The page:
Most school curricula feature courses on World History, US History, and Local History, which makes a lot of sense. There are some common historical milestones that had worldwide impact, such as the World Wars, others more important to the country we live in, such as the succession of presidents, and then there are local heroes, for example Madam C.J. Walker from Indianapolis who became the first female Millionaire of color with the invention of her special hair product. I propose that we should teach jazz history with a similar distinction: Jazz History – US Jazz History – Local Jazz History. Every region has their unique scenes and performers who contributed to the identity of a place as well as to the canon of the art form. I have taught classes on the Indiana Jazz Legacy for years, showcasing well-recognized artists such as Wes Montgomery, Freddie Hubbard, J.J. Johnson, Slide Hampton, David Baker, Larry Ridley, Cole Porter, Hoagy Carmichael, Gary Burton as well as regional heroes, i.e. Everett Greene, Mike Lucas, Janis Stockhouse and so many more. Throughout the journey we discover the unique identity of a place and community and a sense of pride and belonging. In fact, the next issue of “Indiana Jazz: History, Scenes, Places, and Personas starts on September 4 and is open now for enrollment through Ivy Tech’s Lifelong Learning Center.
Of course, a very special legacy for Bloomington, Indiana is songwriter/ pianist Hoagy Carmichael who grew up on Grant Street close to Indiana University and is buried at Rosehill Cemetery. He wrote many hit songs, i.e. Stardust and Georgia, participated in Hollywood Movies, hosted The Saturday Night Review, and received an Honorary Doctorate from Indiana University in 1972. His son Hoagy Bix Carmichael is currently working on creating a major Musical showcasing his father’s music. The initial workshop and showcase will be in Bloomington throughout August with Hoagy Bix present – performances August 15-18 at the Wells Metz Theatre, more info here.
This year, for the B’town Jazz Festival on Saturday, August 18, I pulled together a cast of local all stars to pay tribute to Hoagy Carmichael’s music – and Hoagy Bix Carmichael will join us with remarks and special memories – 5-6pm at the Convention Center. Here is the musical program and some info on the pieces:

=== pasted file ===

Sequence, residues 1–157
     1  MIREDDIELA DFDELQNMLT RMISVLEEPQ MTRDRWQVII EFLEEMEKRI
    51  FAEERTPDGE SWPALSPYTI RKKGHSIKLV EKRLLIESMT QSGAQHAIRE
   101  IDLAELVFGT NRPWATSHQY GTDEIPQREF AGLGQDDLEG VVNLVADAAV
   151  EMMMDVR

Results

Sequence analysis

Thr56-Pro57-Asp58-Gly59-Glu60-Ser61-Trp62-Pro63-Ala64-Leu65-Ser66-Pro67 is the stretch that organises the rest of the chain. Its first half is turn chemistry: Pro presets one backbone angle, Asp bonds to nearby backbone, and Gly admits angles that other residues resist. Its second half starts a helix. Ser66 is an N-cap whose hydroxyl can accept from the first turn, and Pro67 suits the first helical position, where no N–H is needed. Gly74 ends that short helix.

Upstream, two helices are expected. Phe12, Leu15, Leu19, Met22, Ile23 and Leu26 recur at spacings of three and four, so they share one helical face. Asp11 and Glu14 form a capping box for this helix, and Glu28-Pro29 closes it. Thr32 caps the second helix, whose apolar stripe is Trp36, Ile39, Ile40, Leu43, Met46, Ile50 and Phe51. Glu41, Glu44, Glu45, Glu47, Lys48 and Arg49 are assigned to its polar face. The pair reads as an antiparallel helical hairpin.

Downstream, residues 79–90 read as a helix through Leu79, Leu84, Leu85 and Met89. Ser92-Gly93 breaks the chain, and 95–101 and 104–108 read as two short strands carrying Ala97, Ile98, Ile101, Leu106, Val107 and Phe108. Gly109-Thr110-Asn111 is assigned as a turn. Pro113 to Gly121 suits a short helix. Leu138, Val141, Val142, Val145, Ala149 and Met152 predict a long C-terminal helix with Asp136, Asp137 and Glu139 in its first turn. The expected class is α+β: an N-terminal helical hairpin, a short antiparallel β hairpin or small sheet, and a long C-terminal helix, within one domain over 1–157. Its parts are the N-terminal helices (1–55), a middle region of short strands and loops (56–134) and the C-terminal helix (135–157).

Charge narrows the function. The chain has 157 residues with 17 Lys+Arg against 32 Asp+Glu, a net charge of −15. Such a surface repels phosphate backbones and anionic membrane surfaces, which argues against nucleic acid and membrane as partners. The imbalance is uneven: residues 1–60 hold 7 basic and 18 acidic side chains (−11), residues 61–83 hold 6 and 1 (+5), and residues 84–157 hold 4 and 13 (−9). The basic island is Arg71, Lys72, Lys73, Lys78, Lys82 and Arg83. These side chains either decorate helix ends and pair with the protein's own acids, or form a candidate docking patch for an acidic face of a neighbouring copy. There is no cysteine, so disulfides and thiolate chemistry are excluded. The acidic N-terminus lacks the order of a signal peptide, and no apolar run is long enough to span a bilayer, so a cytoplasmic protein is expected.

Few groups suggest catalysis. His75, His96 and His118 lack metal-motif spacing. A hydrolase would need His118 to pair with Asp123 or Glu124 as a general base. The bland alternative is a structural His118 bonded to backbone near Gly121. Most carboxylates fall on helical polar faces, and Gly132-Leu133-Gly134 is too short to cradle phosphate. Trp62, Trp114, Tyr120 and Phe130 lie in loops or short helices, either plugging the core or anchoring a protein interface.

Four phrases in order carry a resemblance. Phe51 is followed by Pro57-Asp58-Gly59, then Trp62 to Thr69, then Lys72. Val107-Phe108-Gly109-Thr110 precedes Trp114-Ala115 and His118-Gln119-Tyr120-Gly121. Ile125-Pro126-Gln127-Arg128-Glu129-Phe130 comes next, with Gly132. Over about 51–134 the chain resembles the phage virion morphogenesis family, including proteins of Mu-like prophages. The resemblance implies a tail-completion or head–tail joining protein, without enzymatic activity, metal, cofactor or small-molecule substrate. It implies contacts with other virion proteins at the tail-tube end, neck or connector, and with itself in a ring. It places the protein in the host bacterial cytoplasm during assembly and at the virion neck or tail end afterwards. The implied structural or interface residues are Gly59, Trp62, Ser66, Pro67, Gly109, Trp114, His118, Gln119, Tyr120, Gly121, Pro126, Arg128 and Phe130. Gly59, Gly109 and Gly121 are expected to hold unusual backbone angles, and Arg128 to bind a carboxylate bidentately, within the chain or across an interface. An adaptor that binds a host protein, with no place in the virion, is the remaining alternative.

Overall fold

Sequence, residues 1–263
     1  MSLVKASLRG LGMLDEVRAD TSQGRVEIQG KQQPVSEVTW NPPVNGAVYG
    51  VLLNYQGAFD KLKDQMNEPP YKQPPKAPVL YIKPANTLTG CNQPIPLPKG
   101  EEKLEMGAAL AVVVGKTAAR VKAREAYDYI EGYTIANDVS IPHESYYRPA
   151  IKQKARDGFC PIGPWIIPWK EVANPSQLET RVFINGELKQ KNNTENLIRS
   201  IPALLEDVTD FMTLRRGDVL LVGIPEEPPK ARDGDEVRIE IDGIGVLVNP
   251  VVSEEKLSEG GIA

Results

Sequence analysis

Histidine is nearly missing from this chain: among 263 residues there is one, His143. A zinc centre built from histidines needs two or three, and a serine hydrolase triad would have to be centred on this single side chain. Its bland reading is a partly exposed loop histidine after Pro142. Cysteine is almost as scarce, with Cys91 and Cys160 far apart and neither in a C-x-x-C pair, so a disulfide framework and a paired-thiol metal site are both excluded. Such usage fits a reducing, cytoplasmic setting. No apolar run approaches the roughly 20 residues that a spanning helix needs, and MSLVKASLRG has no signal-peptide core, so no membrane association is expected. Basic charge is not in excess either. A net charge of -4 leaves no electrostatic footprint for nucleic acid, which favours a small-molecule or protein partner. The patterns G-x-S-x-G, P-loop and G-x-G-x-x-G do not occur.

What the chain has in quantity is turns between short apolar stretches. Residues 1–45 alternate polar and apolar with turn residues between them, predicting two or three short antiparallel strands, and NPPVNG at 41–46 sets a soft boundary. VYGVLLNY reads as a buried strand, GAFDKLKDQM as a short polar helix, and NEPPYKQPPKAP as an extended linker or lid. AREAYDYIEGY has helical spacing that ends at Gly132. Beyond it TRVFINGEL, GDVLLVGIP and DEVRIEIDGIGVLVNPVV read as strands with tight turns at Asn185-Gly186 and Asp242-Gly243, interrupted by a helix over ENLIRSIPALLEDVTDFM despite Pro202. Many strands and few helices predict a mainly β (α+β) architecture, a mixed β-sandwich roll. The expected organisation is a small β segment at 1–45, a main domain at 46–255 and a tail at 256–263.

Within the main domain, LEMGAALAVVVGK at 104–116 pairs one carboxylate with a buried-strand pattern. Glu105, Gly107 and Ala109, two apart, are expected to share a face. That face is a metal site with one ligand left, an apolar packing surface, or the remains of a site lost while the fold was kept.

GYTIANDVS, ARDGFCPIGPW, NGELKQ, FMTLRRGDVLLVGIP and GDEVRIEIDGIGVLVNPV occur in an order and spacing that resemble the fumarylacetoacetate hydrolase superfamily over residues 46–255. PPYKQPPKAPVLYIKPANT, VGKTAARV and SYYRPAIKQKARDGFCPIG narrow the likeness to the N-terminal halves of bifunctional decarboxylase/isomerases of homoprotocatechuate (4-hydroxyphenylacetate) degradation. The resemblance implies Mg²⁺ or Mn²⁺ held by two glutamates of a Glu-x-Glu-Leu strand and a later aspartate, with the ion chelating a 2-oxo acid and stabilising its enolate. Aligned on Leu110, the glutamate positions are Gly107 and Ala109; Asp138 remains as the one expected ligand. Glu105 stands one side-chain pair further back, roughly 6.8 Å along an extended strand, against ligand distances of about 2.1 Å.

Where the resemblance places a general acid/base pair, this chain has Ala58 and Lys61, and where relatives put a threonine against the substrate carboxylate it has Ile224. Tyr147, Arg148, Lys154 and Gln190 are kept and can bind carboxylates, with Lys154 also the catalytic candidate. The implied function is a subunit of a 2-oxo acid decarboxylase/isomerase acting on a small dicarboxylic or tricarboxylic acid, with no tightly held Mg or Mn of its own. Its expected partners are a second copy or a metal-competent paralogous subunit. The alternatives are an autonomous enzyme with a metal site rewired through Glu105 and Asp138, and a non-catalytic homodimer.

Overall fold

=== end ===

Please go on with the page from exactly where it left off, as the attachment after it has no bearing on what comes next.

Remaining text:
1. Lazybones – written in 1933, his first collaboration with the great lyricist Johnny Mercer. This was one of his bestsellers, often attributed to the authenticity of the hints to southern living by Mercer who is from Savannah, GA. Mercer came to Carmichael’s apartment and saw him snoozing on the couch. He announced “I’m going to write you a song called Lazybones” and they proceeded to do just that in 20 minutes.
2. Winter Moon – one of Hoagy’s later compositions, written in 1957 with Harold Adamson. A haunting melody with the words lamenting lost love is framed with an unusual form of 28 bars. It became the title track for Art Pepper’s 1981 recording with strings, arranged and conducted by Bill Holman.
3. Georgia – Frankie Trumbauer suggested to Hoagy to write a song about the State of Georgia in 1930, although Hoagy also had a sister named Georgia who is sometimes attributed as the subject of the song. Ray Charles recorded the song in 1960 on his “The Genius Hits the Road Album” and it became a major hit, reigning #1 on the charts for a week. Ray Charles is a native of Georgia and the State eventually adopted it as their anthem.
4. Stardust – arguably Hoagy’s most famous piece, one night in 1926 in Bloomington he started whistling a tune and ran to the Book Nook to further refine it. The two initial recordings at Richmond’s Gennett studios in 1927 and 1928 with Hoagy’s own lyrics were not successful and performed at a medium tempo. The first hit version by the Isham Jones Orchestra featured lyrics by Mitchell Parish and became a sensation. It now is one of the most recorded songs in history.
5. Skylark – another collaboration with Johnny Mercer, this one didn’t come as easy as Lazybones. Johnny Mercer struggled with the song for a year until he felt he had the lyrics right. The longing in the song is presumed to be Mercer’s longing for Judy Garland with whom he had an affair. Published in 1941, the song inspired a long-running Buick model and was recorded by many prominent vocalists including Ella Fitzgerald, Bob Dylan, k.d. lang, and Bette Middler.
6. Can’t Get Indiana Off My Mind – a 1940 collaboration with lyricist Robert De Leon, this is Hoagy’s tribute to his home state. The verse starts with the words “There’s a place I long to be; the nearest thing to heaven, Indiana, dear to me!”
See you Saturday, August 18, 5pm when we celebrate Bloomington’s own Hoagy Carmichael with remarks by Hoagy Bix Carmichael and music performed by Tom Clark – saxes, Carolyn Dutton – violin, Janiece Jaffe – vocals, Monika Herzig – piano, Peter Kienle – bass, John Valdez – drums!